Carpal Fractures




Fractures of the carpal bones constitute approximately 6% of all fractures, but they are probably underdiagnosed. Scaphoid fractures are the most common fractures of carpal bones, accounting for more than 60% of all carpal injuries. The complex anatomy of the wrist often makes diagnosis and treatment difficult. Overlooking a fracture or dislocation of a carpal bone can result in major complications and prolonged morbidity, so the clinician must maintain a high index of suspicion in the evaluation of wrist injuries.


See Appendix for stepwise instructions for short-arm and long-arm casts and splints used in the treatment of carpal fractures.


Go to Expert Consult for the electronic version of a patient instruction sheet named “Broken Hand or Wrist,” which covers the steps of care from pain relief to rehabilitation exercises. This can be copied to hand out to patients to assist them during the treatment period.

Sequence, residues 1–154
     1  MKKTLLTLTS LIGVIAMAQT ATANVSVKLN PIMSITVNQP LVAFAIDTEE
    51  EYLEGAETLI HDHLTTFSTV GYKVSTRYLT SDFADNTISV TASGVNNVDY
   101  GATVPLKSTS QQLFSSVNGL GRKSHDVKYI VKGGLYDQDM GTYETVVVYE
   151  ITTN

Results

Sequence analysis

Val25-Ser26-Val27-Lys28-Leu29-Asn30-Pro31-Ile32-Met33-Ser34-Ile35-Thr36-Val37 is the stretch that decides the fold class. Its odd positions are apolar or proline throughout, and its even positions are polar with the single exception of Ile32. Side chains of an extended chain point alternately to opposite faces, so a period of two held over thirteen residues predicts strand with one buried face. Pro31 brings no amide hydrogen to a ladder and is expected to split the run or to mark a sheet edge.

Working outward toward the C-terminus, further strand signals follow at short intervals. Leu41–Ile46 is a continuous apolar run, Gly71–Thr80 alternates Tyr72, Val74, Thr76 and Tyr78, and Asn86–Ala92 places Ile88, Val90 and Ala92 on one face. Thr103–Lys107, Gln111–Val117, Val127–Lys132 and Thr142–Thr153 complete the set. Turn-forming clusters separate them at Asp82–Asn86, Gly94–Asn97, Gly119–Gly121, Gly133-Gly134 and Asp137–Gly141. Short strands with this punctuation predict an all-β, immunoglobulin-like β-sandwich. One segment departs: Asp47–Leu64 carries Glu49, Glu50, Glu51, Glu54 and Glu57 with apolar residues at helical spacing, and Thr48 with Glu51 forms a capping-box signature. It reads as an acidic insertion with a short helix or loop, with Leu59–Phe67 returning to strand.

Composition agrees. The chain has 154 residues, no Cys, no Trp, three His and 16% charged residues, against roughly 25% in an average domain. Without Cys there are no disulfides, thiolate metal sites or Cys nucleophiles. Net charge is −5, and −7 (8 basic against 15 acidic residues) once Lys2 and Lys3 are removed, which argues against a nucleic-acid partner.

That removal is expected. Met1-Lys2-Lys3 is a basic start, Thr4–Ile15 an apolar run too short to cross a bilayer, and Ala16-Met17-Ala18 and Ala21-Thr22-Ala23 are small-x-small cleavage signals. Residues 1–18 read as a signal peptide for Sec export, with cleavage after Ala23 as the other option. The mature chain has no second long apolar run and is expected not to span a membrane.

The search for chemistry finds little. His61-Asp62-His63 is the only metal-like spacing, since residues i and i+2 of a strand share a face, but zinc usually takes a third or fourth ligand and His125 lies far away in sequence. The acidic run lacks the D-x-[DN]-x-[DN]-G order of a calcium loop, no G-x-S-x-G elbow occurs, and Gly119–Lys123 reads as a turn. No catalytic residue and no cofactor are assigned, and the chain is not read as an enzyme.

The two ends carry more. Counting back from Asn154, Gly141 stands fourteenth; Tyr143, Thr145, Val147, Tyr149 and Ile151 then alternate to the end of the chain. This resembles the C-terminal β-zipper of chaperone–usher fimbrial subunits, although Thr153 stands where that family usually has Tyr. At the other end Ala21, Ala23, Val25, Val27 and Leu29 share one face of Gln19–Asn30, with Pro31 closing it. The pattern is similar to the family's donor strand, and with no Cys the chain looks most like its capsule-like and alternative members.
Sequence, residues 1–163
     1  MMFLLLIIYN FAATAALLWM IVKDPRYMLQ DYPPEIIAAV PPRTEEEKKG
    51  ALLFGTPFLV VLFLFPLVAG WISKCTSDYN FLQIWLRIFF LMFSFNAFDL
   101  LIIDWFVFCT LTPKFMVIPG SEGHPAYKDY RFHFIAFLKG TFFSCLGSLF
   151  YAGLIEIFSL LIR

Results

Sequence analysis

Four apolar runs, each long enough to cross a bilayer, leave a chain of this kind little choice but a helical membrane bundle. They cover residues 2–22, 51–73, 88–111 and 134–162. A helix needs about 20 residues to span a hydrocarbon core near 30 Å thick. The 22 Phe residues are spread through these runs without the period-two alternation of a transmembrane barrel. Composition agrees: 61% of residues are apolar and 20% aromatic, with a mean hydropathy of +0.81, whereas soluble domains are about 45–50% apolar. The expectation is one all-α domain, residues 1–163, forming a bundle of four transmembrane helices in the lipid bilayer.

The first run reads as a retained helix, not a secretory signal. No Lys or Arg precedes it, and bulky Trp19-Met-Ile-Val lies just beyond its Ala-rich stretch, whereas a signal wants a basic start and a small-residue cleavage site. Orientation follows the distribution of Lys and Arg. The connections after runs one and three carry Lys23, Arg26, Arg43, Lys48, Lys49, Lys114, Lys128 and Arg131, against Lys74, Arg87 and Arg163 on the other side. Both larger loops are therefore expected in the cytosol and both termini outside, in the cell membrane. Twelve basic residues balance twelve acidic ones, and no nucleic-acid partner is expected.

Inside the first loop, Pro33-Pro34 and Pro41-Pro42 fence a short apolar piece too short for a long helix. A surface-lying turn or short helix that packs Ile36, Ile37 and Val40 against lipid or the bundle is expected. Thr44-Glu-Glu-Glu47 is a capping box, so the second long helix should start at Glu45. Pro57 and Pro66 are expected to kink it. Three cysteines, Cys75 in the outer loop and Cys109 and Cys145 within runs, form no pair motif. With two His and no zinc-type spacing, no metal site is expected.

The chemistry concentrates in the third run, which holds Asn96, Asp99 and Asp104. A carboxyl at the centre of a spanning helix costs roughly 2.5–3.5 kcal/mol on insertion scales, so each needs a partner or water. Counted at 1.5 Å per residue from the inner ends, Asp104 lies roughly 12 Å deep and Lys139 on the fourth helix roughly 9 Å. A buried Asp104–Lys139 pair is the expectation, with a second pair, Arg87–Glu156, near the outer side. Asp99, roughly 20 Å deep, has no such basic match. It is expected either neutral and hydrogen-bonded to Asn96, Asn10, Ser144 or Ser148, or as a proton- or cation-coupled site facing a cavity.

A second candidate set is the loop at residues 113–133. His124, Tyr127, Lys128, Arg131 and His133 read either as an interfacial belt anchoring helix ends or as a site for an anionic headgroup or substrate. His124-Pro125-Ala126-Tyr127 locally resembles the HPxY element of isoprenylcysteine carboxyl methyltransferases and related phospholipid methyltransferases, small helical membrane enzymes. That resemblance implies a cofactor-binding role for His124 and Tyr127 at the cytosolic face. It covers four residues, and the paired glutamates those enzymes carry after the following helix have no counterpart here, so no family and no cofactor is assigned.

Scaphoid Fractures (Adult)


Anatomic Considerations


The scaphoid lies at the radial aspect of the wrist and links the distal and proximal carpal rows ( Fig. 5-1 ). The scaphoid is tethered to the proximal carpal row by strong volar ligaments: the radioscaphoid, scapholunate, and scaphocapitate. The scaphoid has a central indentation at its waist, which is crossed by the palmar radiocarpal ligament. The scaphoid serves as the principal bony block to excessive extension at the wrist and is therefore susceptible to fracture.




FIGURE 5-1


Schematic diagram of the carpal bones. Proximal row: scaphoid, lunate, triquetrum, pisiform. Distal row: trapezium, trapezoid, capitate, hamate.


The blood supply to the scaphoid arises distally from branches of the radial artery ( Fig. 5-2 ). The distal tuberosity of the scaphoid receives its blood supply from the anterior interosseous artery, and the proximal pole is completely dependent on the distal blood supply. Because of the vascular anatomy, fractures in the middle and proximal portion of the scaphoid are prone to nonunion at the fracture site and an increased incidence of avascular necrosis (AVN) of the proximal fracture fragment.




FIGURE 5-2


Branches of the radial artery supplying the scaphoid bone. The blood supply enters only the distal part of the scaphoid.


Mechanism of Injury


Scaphoid fractures are caused by two common types of injury: a longitudinally directed axial load, which usually results in a stable nondisplaced fracture, and a fall on the extended wrist, which places a tensile force at the volar scaphoid and a compressive force at the dorsal scaphoid.


Clinical Presentation